Quitete Portela, R. de C., L. Tourinho, T. Viana dos Santos, and M. M. Vale. 2023. Juçara palm ecological interactions threatened by climate and land‐cover changes. Biotropica. https://doi.org/10.1111/btp.13257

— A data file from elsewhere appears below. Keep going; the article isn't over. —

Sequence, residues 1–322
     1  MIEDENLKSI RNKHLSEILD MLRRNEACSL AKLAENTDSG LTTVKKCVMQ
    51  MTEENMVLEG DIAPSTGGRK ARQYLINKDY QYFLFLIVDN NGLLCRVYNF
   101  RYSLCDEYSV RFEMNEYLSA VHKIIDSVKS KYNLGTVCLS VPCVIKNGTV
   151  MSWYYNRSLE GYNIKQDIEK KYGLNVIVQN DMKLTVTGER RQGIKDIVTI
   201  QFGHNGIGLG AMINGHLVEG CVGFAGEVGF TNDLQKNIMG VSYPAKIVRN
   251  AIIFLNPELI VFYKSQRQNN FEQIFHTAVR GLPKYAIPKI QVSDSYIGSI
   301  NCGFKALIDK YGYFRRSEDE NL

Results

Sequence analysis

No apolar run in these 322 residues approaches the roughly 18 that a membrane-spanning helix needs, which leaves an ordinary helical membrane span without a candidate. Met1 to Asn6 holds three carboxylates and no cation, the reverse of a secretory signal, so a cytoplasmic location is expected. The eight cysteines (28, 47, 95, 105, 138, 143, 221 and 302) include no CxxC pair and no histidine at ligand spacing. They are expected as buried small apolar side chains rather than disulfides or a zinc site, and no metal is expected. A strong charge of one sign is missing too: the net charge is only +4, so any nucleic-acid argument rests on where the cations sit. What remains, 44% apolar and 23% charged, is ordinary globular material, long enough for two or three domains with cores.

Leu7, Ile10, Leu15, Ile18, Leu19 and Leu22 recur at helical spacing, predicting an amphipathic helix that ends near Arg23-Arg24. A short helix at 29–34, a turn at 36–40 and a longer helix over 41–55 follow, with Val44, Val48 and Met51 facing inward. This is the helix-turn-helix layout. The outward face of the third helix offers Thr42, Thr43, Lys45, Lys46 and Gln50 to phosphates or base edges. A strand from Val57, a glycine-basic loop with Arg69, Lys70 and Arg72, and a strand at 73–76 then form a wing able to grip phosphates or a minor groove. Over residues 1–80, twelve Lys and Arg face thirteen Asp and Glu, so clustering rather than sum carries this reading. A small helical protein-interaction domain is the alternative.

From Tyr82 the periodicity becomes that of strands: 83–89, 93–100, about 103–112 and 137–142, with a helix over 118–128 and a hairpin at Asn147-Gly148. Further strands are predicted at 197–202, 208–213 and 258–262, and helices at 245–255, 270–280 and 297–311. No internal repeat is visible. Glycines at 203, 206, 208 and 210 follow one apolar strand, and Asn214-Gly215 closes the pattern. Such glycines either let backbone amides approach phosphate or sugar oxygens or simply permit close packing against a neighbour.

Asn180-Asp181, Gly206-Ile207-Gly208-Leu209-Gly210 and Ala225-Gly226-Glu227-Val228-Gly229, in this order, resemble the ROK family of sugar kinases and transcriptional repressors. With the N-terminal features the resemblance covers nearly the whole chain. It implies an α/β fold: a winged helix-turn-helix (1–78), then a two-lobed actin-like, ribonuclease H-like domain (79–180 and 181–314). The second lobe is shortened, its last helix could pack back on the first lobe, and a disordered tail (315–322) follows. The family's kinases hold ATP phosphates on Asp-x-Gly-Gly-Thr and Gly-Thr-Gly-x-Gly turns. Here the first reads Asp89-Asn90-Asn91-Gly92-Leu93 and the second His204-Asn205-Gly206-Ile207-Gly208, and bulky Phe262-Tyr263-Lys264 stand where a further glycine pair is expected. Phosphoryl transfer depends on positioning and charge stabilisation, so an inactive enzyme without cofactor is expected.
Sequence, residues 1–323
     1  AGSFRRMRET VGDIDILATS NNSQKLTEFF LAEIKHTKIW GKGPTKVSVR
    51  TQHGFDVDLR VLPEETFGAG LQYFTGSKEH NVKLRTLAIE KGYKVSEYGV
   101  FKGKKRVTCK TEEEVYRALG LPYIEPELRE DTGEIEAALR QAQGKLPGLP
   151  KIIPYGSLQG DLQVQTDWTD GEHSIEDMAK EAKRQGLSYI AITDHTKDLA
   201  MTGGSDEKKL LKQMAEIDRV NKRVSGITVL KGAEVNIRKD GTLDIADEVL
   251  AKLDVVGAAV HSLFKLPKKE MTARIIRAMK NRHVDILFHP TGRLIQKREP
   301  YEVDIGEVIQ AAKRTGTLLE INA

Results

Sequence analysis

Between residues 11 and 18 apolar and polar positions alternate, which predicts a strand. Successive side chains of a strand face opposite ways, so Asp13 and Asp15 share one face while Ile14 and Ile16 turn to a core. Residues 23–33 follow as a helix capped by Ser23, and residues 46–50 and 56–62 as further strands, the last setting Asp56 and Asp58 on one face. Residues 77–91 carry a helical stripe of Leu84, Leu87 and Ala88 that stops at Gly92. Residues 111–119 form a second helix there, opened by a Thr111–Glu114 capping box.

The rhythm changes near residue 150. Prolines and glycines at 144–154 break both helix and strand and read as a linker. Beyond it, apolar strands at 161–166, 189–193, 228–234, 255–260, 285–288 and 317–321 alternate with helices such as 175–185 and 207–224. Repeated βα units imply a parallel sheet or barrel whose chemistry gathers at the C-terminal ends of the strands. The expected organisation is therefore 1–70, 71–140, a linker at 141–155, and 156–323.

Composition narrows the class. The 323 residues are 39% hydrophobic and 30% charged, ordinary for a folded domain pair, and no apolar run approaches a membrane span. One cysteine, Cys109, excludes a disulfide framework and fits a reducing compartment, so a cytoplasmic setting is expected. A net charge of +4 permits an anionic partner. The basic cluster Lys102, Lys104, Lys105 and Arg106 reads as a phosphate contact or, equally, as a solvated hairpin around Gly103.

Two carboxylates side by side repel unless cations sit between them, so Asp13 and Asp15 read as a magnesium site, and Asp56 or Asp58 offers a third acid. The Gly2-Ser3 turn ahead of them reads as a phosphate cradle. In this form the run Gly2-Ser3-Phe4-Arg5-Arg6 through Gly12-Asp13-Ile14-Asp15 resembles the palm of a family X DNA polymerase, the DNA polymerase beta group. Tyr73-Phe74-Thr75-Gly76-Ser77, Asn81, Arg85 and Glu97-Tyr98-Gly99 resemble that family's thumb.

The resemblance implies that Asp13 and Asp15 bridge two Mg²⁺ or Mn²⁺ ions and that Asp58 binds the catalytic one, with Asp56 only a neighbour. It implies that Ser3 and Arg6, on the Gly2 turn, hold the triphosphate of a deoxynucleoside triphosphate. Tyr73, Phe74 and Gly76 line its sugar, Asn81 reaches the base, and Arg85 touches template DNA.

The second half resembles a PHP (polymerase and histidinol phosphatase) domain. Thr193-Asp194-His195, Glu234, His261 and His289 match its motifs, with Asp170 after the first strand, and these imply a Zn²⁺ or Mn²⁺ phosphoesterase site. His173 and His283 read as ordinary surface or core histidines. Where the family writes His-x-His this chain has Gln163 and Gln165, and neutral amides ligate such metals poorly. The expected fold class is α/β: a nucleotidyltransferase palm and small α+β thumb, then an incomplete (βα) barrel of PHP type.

Ongoing climate change has caused well‐documented displacements of species' geographic distribution to newly climatically suitable areas. Ecological niche models (ENM) are widely used to project such climate‐induced changes but typically ignore species' interspecific interactions that might facilitate or prevent its establishment in new areas. Here, we projected the change in the distribution of Juçara Palm (Euterpe edulis Mart., Arecaceae), a neotropical threatened palm, taking into consideration its ecological interactions. We run ENMs of E. edulis, plus its known seed dispersers (15 bird species) and predators (19 birds and mammals) under current and future climatic conditions. Additionally, for E. edulis, we removed deforested areas from the model. When considering only climate, climate change has a positive impact on E. edulis, with a predicted westward expansion and a modest southward contraction, with a 26% net gain in distribution by 2060. When removing deforested areas, however, climate change harms E. edulis, with a 66% predicted net distribution loss. Within the palm's distribution in this more realistic model, there is also a predicted reduction in the richness of its dispersers and predators. We conclude that the possible benefits of climate change to E. edulis' distribution are overshadowed by widespread habitat loss, and that global change is likely to disrupt some of its ecological interactions. The outcome of the interplay between the negative impact of the loss of dispersers, and the benefit of the loss of predators, is unclear, but the large contraction of E. edulis' range predicted here foresees a dim future for the species.